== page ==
Generally the dead loads or the permanent loads refers to the self-weight of the structure itself which remains constant over time period.

It also includes the  immovable fixtures such as the weight of the concrete slab, walls, flooring etc. They can be considered as the load acting uniformly over the entire structure.

live load vs dead load
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Dead loads calculation plays a very important role in designing a building, its durability . failing to do the accurate calculation may result in collapse of the structure. The magnitude of dead loads can be calculated by knowing the unit weight of materials used. 

Using the code IS 875(part 1):1987 Indian Standard Code of Practice For Design Loads (Other Than Earthquake) For Buildings And Structures- Dead Loads – Unit Weights Of Building Materials And Stored Materials, can be  calculated.

Units considered in calculation  of  dead loads are KN.

Live load using Building Codes

These are something different from dead loads. Live loads otherwise called as imposed loads  are vertical or gravity loads that are defined as the moving or movable loads which are   not  constant but keep on varying over the time period. These are temporary loads and are dynamic in nature.

Live loads refer to things like furniture, people, cars, trucks, buses, water etc which keep on changing. 

The movable objects can be considered as live load. The intended use of a building or dam or canal, is to carry these loads. In some important structures the seismic activity is also considered.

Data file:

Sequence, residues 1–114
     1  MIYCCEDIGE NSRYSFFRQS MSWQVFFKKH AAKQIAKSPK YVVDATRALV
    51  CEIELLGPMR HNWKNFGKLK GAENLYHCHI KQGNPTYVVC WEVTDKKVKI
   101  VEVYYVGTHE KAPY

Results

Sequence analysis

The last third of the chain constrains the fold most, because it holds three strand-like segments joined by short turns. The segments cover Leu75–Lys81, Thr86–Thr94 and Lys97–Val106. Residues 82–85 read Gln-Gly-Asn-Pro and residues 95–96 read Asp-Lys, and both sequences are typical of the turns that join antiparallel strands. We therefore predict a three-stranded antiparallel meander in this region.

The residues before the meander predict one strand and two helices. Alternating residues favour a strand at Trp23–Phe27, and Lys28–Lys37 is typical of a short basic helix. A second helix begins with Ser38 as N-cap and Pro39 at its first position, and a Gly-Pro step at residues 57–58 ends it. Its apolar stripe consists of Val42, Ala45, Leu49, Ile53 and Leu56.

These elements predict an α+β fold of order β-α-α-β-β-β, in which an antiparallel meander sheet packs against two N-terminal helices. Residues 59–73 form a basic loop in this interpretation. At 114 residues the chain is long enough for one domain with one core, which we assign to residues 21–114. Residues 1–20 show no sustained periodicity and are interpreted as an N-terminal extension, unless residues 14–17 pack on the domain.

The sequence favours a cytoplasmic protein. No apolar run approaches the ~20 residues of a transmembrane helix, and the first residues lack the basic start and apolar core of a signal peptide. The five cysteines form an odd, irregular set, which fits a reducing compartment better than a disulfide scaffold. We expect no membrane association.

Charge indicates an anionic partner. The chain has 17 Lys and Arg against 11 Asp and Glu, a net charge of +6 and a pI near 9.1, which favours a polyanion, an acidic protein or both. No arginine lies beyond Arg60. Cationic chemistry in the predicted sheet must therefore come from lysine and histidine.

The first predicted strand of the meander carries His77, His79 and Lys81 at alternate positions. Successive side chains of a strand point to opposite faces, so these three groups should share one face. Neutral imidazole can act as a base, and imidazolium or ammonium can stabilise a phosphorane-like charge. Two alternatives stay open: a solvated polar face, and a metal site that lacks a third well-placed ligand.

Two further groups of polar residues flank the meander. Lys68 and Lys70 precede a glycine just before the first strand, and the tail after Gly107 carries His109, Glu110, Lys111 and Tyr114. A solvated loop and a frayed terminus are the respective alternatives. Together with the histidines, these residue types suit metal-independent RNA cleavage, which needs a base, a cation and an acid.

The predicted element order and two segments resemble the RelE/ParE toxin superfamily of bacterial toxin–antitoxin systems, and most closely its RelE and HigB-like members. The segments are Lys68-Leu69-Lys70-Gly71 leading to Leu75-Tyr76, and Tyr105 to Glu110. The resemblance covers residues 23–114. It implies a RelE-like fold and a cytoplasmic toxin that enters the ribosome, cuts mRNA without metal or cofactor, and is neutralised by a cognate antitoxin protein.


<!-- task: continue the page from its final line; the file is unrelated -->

These dynamic loads include the moving partitions, objects, equipment, people, vehicles etc. roof and floor live loads are also produced during the maintenance works. Usually the live loads are considered as uniformly distributed loads or sometimes concentrated loads. It is generally specified in the IS: 875-1987(PART 2)  code  depending on the type of building and type of load imposed. 

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Loads are usually carried by beams, columns, slab and footing in a normal building. Extreme snow can also increase load on a roof. The weight of its components can act vertically or horizontally. Loads account for the major stresses. 

Live loads are categorised into different types based on their origin such as

  • Floor load
  • Roof load
  • Imposed loads(people,furniture etc)
  • Staircase load
  • Balcony load
  • Movable fixtures etc.

Units of live load are taken as pounds per square foot (psf) ,  kPa, N/m2, kg/m2.

Environmental loads

These are the forces or the pressures that nature puts on the buildings due to  some atmospheric conditions and environmental factors like wind, snow, rain, earthquakes, soil conditions and varying temperatures. 

These loads affect the durability and integrity of the structure  if the structure is not properly designed to withstand such conditions. Therefore it is necessary to include or consider  the environmental loads in design and construction of the buildings. However engineers use the building codes in their  designs for accounting these loads according to the local environmental conditions.

Design should always exceed the estimated stress. A particular structural element has to withstand wind force or too much “gravity load or actual load.  The maximum expected live load is based on experiments and from surrounding buildings. Permanent force on a structure should be less. 

Some common types of environmental loads are 

  • Wind load
  • Snow load
  • Seismic or earthquake load
  • Temperature load